What is Conscious Business?

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  • Written By: Jessica Ellis
  • Edited By: Bronwyn Harris
  • Last Modified Date: 06 October 2019
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Businesses do not operate in a vacuum; a simple cotton t-shirt has a history that may involve dozens of people in different parts of the world, and a future that may involve even more factors. Conscious business refers to a mindset in which a business pays attention to its affect on the world. Using conscious business strategies often involves issues of human rights, labor laws, and the environment.

Traditionally, the world of business is about the bottom line of profit. This is a fairly logical modus operandi, since a business cannot survive if it does not remain profitable. Conscious business does not ignore the priorities of positive cash flow, but suggests an additional list of priorities beyond mere dollars and cents for companies that are financially successfully. By taking social and environmental responsibility, conscious business practices help improve the lot of people and the planet, while trying to ensure the far-off future of the company by undertaking sustainable practices in the present.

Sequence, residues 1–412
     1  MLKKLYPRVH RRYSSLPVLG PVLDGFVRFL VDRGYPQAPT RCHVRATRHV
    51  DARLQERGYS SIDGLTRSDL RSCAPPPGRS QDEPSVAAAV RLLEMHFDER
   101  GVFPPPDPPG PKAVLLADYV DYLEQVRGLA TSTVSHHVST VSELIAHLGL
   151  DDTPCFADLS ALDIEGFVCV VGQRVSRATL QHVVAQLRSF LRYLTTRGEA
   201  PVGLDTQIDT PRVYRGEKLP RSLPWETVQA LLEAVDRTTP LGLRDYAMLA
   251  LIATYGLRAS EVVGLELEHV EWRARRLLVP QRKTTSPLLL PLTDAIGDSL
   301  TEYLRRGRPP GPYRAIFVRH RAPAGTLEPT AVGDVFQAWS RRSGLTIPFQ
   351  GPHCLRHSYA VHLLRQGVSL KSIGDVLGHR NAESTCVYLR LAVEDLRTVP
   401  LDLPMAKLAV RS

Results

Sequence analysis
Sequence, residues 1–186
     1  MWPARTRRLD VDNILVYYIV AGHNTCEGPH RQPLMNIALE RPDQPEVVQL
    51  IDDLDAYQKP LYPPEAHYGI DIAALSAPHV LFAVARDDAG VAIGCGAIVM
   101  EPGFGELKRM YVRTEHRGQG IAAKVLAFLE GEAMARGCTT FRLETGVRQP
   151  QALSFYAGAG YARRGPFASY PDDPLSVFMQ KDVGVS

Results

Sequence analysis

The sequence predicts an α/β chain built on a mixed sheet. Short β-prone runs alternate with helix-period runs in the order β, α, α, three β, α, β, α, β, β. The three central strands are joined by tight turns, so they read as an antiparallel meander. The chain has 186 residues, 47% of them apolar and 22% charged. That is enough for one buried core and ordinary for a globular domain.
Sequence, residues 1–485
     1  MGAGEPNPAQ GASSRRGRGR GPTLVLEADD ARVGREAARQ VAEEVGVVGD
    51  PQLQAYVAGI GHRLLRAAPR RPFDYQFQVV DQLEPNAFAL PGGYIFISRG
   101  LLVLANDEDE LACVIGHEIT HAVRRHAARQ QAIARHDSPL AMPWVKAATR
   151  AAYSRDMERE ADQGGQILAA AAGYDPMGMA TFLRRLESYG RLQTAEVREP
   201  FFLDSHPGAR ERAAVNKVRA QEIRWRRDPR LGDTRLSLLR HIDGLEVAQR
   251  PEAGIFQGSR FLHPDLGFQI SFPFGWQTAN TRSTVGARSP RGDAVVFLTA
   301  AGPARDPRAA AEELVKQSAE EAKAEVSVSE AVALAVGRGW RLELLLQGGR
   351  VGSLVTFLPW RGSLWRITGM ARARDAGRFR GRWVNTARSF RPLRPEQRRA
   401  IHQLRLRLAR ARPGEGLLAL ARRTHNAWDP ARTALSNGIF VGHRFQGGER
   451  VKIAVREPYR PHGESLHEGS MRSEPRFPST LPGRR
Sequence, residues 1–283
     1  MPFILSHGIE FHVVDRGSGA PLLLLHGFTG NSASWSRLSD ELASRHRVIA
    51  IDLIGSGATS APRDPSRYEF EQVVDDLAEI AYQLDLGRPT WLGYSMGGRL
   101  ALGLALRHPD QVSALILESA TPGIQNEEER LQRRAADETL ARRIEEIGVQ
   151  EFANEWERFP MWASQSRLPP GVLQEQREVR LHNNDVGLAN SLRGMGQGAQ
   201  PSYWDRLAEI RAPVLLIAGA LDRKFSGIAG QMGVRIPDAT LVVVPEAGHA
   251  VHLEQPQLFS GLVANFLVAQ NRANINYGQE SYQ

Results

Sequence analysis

Some practices involved in conscious business philosophies involve the treatment of humans throughout the production process. Slave laborers weaving cloth in Sri Lanka, the theory suggests, are to some degree the responsibility of the corporation that sells sweaters made out of the cloth. Some corporations go directly into the communities where growing and manufacturing is done, and build homes, medical clinics, clean wells, or schools for the local people. Others keep careful tabs on their manufacturing plants to ensure that labor standards, such as fair wages and safe conditions, are maintained.

In addition to trying to care for people, conscious business involves caring for the environment. Cutting emissions, using recyclable materials, and reducing paper waste are all ways that a business can engage in sustainable habits. Moreover, buying materials from communities or manufacturers that engage in environmentally safe methods also helps encourage the spread of green business practices by making it more profitable. A coffee company that only purchases from growers that use shade-growing and organic techniques, for instance, can help encourage other nearby farms to adopt these practices.

As of the 21st century, conscious business is far from the norm for most industries. Nevertheless, as consumers grow more educated about deteriorating resources on the planet and the plight of developing nations, a strong specialty market that favors humanitarian and eco-conscious practices has developed. Some economic experts suggest that this type of business philosophy will become more widespread and more important as natural resources dwindle.


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